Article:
Despite economic slowdown and stock market volatility earlier in the year, this luxury landed property sector has seen a pick-up in sales volume as Singaporean investors are turning their sights on home ground once more, after a few seasons of investing in overseas propeties. Property agents have reported buyers making serious offers as compared to just a quarter ago in the latter part of 2015.

Leedon Road GCBRecent sales of GCBs included one at Swettenham Close at $1,354 psf. A total of 33 GCBs were sold in 2015, a similar number is expected for this year. Perhaps property owners have lowered their expectations and asking prices, and buyers are also enticed by the rarity and land area these bungalows provide. Many are upgraders or investors while sellers tend to be those whose children have flown the coop and are looking to downsize to more manageable properties. Rental yields for these large-sized properties have been diminishing, and these properties also tend to have higher property taxes and maintenance requirements.

Buyers may be more willing to take the bite this year as prices have already fallen 15 per cent since its peak in 2013, and further price declines will be unlikely. As these landed properties are also far and few in between, they may be quicker to pounce on a deal as it will not be easy finding similar options.

Property auction sales do well in weakening market

Multiple-property owners may face increasing pressure as the market continues to soften. Rental yields and demand have fallen due to slowing global economic growth.

Axis@SiglapPhoto: Axis @ Siglap

Real estate consultancies and auction houses are beginning to see an down-the-middle split in auction listings between owner listings and mortgagee listings. The latter are units put into auction by banks because of owners defaulting on their mortgage payments.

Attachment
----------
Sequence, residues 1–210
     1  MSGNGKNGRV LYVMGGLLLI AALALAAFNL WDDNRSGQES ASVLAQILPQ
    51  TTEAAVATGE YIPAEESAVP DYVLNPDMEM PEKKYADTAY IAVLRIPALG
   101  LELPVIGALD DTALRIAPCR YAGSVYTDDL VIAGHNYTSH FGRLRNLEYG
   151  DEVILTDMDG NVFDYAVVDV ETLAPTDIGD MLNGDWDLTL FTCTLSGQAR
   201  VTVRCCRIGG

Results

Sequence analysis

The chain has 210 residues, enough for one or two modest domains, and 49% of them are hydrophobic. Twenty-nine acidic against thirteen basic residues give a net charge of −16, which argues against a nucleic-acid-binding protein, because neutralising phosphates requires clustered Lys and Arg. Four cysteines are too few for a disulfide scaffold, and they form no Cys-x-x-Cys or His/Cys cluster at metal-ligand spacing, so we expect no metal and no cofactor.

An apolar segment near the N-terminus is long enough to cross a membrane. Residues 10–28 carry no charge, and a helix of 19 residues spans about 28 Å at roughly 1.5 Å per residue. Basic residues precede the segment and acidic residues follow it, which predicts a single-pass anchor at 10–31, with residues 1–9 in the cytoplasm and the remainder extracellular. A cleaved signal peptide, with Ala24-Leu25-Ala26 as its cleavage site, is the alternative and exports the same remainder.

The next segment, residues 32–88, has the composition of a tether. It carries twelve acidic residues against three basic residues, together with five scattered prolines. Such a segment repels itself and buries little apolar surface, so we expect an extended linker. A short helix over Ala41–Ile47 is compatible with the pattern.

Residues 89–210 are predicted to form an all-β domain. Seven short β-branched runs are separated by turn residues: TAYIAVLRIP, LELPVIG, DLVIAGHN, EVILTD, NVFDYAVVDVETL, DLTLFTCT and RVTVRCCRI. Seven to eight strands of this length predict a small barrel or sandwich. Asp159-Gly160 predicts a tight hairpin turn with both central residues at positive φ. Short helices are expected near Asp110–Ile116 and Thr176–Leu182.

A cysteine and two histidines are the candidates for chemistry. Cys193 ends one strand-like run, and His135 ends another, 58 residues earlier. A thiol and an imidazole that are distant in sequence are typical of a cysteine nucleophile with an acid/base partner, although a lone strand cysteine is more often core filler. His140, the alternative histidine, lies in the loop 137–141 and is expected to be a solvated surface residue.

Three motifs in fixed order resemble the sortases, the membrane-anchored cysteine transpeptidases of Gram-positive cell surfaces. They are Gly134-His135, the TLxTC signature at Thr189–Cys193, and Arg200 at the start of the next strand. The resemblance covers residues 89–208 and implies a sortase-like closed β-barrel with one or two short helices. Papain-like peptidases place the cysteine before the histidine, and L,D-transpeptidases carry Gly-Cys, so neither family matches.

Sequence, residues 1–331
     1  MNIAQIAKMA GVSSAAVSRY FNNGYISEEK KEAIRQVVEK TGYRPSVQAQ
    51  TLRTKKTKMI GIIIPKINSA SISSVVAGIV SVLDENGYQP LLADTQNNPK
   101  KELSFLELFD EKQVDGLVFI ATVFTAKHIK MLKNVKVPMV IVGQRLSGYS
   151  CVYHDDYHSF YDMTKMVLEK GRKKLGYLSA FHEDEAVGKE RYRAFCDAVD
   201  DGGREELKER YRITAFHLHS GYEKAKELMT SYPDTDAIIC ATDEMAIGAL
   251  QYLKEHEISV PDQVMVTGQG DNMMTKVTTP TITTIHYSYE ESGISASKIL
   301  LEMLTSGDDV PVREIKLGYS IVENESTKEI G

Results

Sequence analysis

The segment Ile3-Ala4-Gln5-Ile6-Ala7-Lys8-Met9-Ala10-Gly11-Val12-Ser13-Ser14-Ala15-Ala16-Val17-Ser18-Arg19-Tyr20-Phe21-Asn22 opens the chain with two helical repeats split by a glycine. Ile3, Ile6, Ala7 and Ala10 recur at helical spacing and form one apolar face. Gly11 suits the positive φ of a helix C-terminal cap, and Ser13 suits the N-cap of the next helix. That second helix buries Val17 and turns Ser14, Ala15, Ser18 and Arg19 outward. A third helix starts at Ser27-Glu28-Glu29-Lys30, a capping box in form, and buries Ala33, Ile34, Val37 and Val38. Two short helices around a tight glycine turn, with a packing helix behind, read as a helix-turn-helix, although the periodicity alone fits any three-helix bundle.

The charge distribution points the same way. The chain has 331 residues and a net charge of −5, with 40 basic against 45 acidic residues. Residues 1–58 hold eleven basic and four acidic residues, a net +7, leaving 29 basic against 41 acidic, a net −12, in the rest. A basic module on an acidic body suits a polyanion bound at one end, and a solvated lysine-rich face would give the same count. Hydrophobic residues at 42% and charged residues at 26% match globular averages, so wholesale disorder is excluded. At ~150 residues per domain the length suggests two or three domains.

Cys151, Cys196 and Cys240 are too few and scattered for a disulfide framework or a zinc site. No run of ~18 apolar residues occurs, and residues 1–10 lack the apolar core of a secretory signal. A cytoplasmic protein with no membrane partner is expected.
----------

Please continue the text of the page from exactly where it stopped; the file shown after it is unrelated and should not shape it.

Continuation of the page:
Not only are residential units being put up for auction, but office spaces, shophouses and retail units are also finding their way into these auctions. Home owners are increasingly favouring the path of auction listings are they garner higher exposure and are more likely to attract investors or buyers who may be willing to pay for quality or a good bargain.

Some of the auctioned properties out there are in the million-dollar range, including a 1,776 sq ft penthouse with roof terrace at Axis @ Siglap for $1.3 million, a 13th-floor 1,808 sq ft unit at The Orchard Residences going for $6.2 million and a $16 million single-storey detached Branksome Road house in Tanjong Katong.

TanameraCrestPhoto: Tanamera Crest

Affordable units sold below valuation are also available at these auctions, for example a 603 sq ft unit at The Greenwich in Seletar road going for $730,000 and $980,000 for a 1,205 sq ft unit at Tanamera Crest. These suburban units may be good bargains for buyer-occupiers while the higher-end listings are good fodder for investors in the know.

More bulk property and auction sales

The year ahead may be a bumpy one for property developers who have a large inventory of unsold stock and for investors who may have overstretched themselves.